Has anyone ever seen an explanation of why Boeing couldn’t simply remove MCAS from the 737 MAX and tell pilots “you have to push forward on a go-around, just as you would in a Cessna 172 or Cirrus SR22”?
From FAR 25 (certification of airliners):
§25.145 Longitudinal control.
(a) It must be possible, at any point between the trim speed prescribed in §25.103(b)(6) and stall identification (as defined in §25.201(d)), to pitch the nose downward so that the acceleration to this selected trim speed is prompt with
(1) The airplane trimmed at the trim speed prescribed in §25.103(b)(6);
(2) The landing gear extended;
(3) The wing flaps (i) retracted and (ii) extended; and
(4) Power (i) off and (ii) at maximum continuous power on the engines.
(b) With the landing gear extended, no change in trim control, or exertion of more than 50 pounds control force (representative of the maximum short term force that can be applied readily by one hand) may be required for the following maneuvers:
(1) With power off, flaps retracted, and the airplane trimmed at 1.3 VSR1, extend the flaps as rapidly as possible while maintaining the airspeed at approximately 30 percent above the reference stall speed existing at each instant throughout the maneuver.
(2) Repeat paragraph (b)(1) except initially extend the flaps and then retract them as rapidly as possible.
(3) Repeat paragraph (b)(2), except at the go-around power or thrust setting.
(4) With power off, flaps retracted, and the airplane trimmed at 1.3 VSR1, rapidly set go-around power or thrust while maintaining the same airspeed.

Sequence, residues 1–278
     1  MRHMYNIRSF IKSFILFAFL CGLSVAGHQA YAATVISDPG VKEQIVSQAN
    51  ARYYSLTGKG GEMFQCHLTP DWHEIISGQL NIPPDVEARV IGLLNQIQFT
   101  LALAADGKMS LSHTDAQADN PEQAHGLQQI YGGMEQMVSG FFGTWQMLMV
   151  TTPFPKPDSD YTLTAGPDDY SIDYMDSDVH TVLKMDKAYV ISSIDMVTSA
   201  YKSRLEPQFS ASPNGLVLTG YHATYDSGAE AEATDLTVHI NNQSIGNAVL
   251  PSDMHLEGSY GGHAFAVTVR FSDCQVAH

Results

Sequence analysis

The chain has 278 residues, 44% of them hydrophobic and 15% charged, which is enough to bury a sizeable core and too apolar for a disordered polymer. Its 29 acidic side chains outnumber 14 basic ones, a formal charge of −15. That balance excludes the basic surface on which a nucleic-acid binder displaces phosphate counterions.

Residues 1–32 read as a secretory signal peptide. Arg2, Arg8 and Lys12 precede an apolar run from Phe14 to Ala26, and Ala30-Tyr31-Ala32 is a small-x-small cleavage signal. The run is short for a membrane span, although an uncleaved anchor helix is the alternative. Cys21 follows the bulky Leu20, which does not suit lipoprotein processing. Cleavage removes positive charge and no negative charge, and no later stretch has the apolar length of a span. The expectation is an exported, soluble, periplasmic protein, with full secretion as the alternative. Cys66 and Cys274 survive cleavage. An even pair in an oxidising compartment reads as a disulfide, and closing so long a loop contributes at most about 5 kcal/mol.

(5) Repeat paragraph (b)(4) except with flaps extended.
(6) With power off, flaps extended, and the airplane trimmed at 1.3 VSR1, obtain and maintain airspeeds between VSW and either 1.6 VSR1 or VFE, whichever is lower.
In other words, an airliner meets certification standards unless it takes more than 50 pounds of push-forward on a go-around. I’m sure that there is some pitch-up moment on a 737 MAX, but it is tough to believe that a gradual trim-forward from MCAS would be sufficient if, in fact, more than 50 pounds of pushing on the yoke were required in the absence of any trimming.
The B737 already had a stick shaker for any time that it was getting near a stall (reminds pilots to push forward). So it should have been less likely to get into an elevator trim stall than a flight school Cessna 172.
Why couldn’t Boeing rip out MCAS, fire any of the coders and engineers involved in its design, tell airlines to give everyone an elevator trim stall demo in every recurrent sim session, and call the 737 MAX good?
(This is such an obvious and cheap fix that surely Boeing would have tried it if would work, so I assume that some rule would be violated, but which one?)